Students at high risk for identity theft

College students may just be discovering themselves, but thieves are out there, waiting to steal their identities, fledgling or not.

Identity theft is not just stealing and using someone's credit cards, but also gathering information such as names, Social Security numbers, passwords, and address information. An identity thief may reroute your accounts to his own address, open new ones in your name then run up these accounts, spending thousands of dollars. These thieves will then abandon the unpaid accounts, leaving you with damaged credit. An identity thief may also assume your identity altogether, using your name and social security information for an alias, to steal money, or to get a job.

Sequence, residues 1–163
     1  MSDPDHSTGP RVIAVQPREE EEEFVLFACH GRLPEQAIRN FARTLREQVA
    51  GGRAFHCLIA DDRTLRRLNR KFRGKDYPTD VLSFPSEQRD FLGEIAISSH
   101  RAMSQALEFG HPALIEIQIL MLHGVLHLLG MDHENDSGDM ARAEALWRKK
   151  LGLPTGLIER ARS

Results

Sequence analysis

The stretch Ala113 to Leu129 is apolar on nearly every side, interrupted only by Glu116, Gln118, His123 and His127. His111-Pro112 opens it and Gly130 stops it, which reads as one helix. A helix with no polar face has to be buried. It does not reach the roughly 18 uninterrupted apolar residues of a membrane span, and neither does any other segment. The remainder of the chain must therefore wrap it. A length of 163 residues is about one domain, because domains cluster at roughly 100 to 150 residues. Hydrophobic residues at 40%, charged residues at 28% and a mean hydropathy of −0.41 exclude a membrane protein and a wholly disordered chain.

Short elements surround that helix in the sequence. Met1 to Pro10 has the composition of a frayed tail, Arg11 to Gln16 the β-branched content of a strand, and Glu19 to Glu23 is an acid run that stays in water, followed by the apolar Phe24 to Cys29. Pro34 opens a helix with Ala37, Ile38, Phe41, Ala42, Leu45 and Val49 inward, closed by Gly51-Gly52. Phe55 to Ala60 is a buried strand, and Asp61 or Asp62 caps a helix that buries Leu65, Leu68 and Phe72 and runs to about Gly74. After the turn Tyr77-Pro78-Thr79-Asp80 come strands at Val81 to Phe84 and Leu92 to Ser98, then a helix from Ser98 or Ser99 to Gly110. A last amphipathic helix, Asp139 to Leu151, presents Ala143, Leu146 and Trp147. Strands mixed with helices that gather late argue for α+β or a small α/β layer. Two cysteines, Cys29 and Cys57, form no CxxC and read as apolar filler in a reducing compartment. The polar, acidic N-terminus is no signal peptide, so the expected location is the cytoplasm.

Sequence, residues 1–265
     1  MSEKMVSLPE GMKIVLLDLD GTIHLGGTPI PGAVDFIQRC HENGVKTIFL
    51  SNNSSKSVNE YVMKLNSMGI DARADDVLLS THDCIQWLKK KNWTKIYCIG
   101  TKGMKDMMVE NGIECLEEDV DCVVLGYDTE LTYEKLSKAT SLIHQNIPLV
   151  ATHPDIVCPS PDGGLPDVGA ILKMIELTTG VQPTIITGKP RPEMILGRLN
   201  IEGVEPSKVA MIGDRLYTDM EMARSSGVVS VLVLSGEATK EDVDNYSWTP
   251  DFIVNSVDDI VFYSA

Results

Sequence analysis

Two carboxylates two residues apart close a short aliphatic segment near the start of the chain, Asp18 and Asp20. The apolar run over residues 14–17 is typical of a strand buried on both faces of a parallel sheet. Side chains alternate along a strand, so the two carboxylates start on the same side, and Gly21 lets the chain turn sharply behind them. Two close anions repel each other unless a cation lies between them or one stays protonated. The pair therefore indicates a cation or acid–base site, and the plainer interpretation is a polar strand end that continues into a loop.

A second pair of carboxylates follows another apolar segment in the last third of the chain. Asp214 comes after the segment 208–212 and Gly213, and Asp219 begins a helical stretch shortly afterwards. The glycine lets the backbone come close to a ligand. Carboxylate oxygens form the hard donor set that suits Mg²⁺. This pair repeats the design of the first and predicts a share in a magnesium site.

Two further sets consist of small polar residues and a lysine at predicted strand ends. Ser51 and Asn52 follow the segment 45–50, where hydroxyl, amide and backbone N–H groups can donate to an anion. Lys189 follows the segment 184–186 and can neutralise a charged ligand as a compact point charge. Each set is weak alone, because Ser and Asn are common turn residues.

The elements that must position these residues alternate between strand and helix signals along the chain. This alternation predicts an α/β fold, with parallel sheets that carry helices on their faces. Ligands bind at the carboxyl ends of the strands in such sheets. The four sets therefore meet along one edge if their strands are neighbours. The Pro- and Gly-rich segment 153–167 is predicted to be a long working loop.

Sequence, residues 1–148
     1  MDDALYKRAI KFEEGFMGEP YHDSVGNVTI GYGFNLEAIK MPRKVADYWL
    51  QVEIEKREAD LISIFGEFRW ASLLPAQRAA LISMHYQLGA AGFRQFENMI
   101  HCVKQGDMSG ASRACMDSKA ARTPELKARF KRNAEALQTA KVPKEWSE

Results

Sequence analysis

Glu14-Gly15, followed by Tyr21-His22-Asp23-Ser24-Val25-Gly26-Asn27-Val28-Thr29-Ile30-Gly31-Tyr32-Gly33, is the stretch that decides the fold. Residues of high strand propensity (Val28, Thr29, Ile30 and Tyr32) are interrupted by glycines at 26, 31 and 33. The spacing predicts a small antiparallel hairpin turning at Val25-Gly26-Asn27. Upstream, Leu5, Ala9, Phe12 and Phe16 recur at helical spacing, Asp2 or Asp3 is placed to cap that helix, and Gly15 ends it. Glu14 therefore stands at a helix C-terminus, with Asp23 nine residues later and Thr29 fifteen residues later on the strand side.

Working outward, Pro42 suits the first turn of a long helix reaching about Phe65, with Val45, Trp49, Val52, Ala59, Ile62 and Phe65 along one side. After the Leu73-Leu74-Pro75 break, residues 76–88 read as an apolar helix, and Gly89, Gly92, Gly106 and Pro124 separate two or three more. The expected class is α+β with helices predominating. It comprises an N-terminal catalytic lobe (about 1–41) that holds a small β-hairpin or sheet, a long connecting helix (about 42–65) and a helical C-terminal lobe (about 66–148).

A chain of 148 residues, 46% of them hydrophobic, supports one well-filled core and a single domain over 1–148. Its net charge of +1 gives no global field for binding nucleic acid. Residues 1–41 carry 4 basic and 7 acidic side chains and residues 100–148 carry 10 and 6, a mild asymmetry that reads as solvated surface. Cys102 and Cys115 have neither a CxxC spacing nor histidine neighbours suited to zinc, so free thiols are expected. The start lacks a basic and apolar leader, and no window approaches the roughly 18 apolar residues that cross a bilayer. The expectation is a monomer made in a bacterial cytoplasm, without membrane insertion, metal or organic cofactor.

Identity theft effects an estimated 3.3 million, or one in 30 students, and college students are prime candidates for this type of crime. Gregory Meyer, community relations manager at Meriwest Credit Union, told Money College in an email, "I was a bank manager for 15 years. Most of the ID theft cases I handled were for young people."

"A lot of students don't believe they are targets for ID thieves as they have no money," he says. "You don't have to have money to be a target, you only need a name and social security number." Naivety is the main reason students are targeted for identity theft according to Meyer, due to a "cavalier attitude" towards safeguarding information and a lack of experience in financial matters that makes it easy for predators to take advantage.